Introduced in 1979, the One-Child Policy is China’s population control program. It has been controversial because its enforcement has utilized coercive measures, including forced abortion and forced sterilization.

The Chinese Communist Party would have the world believe that it has relaxed its One-Child Policy. This is not true. The top population official in China recently announced that the Chinese Communist Party has no plans to change the One-Child Policy for at least another ten years. 

The Chinese Communist Party points out that they have created an exception – couples who are both only children can now have two children. Also, certain other exceptions have long existed. In the countryside, couples whose first child is a girl are often allowed to have a second child in the attempt to have a boy. Further, certain ethic minorities are allowed to have more than one child. In addition, the wealthy can circumvent the policy by moving to Hong Kong for the birth of their second child, or by paying exorbitant fines – which can range from one half to ten times their annual disposable income. This option, of course, is not available for the vast majority of people in China, sixty percent of whom still live in the countryside, many in poverty. It can also create resentment among those who cannot afford to buy their way out of the policy. In addition, penalties for non-compliance may include the detaining of family members and the destruction of property, including the demolition of homes.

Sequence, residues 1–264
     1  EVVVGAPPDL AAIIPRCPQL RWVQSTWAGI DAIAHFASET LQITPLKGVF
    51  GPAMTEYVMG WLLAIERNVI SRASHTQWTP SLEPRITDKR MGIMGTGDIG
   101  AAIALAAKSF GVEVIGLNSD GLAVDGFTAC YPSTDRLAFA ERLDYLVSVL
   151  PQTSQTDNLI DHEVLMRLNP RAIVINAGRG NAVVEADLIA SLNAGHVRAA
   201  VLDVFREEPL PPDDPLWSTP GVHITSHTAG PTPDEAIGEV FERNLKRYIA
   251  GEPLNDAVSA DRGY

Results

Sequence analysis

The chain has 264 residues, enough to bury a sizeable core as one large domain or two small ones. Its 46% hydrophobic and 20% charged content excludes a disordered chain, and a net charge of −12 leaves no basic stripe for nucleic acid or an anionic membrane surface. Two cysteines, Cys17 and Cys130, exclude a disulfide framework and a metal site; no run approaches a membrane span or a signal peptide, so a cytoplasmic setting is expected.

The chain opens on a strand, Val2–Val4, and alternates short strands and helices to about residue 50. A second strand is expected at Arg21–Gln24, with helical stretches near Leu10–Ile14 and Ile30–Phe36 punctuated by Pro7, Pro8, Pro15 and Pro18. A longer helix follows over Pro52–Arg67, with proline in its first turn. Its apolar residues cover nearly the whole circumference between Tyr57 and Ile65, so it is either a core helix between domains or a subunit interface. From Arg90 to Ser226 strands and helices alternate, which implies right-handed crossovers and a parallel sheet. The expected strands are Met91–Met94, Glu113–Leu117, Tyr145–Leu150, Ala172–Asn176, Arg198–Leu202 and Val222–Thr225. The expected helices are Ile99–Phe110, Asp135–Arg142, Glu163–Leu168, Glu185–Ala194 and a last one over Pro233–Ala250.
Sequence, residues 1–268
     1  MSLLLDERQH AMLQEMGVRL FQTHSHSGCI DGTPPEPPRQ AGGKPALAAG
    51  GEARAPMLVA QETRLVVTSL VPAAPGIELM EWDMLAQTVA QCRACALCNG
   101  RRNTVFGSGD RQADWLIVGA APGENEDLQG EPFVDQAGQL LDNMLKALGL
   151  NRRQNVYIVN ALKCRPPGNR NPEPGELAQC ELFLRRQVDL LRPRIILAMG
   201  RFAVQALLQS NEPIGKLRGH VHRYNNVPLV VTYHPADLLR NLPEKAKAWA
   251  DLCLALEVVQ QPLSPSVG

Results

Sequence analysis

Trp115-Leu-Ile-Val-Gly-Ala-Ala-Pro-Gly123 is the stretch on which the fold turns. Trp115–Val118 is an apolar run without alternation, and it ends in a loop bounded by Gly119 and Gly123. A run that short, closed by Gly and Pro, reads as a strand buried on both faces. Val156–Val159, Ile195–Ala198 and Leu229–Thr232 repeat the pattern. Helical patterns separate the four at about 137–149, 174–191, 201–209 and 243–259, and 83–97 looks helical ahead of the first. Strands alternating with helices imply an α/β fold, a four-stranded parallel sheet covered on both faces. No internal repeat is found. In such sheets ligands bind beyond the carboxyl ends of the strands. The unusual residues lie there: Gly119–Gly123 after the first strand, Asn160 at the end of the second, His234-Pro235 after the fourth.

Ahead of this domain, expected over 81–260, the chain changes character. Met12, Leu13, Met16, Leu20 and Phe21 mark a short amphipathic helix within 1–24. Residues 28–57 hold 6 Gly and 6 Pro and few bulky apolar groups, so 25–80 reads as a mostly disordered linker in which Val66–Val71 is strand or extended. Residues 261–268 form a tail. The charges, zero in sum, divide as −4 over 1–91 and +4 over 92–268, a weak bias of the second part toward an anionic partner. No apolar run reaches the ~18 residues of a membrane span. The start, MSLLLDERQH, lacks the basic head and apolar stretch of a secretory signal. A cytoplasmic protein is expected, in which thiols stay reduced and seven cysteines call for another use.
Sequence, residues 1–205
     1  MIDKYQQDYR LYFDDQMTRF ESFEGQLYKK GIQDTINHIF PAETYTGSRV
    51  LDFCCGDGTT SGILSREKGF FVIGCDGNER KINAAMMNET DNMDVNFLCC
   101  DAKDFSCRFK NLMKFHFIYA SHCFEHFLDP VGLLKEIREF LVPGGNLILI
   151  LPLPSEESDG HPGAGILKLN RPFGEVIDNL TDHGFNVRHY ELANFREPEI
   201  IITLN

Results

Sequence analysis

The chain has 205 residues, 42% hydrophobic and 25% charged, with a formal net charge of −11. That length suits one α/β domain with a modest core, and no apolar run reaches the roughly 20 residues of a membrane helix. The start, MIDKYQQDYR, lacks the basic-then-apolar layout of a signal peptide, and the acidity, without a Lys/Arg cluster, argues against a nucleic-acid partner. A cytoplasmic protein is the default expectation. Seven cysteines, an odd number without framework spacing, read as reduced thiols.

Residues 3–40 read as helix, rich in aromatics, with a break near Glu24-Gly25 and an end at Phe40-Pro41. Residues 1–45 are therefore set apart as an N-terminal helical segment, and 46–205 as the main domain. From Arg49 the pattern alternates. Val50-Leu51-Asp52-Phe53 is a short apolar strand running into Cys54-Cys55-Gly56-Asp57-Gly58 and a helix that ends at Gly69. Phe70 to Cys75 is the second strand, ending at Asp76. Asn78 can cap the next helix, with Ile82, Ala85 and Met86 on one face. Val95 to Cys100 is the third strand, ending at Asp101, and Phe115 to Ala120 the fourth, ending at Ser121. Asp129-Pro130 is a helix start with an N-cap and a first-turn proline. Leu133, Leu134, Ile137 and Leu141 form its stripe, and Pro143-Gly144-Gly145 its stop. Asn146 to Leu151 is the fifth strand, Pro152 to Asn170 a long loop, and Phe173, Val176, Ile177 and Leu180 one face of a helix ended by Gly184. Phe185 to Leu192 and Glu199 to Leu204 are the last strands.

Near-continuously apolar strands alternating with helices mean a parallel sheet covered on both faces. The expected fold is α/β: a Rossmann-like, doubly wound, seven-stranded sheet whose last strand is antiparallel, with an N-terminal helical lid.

These exceptions do not constitute improvement. The problem with the one-child policy lies not in the number of children allowed. The problem lies with the coercive enforcement of the birth limit, whatever that limit might be. Whether a couple is allowed to have one child or two children, it is a human rights atrocity to drag a woman out of her home in the middle of the night, screaming and pleading, to forcibly abort her pregnancy, even in the ninth month -- and under certain circumstances, to sterilize her -- because she does not possess a government-issued birth permit.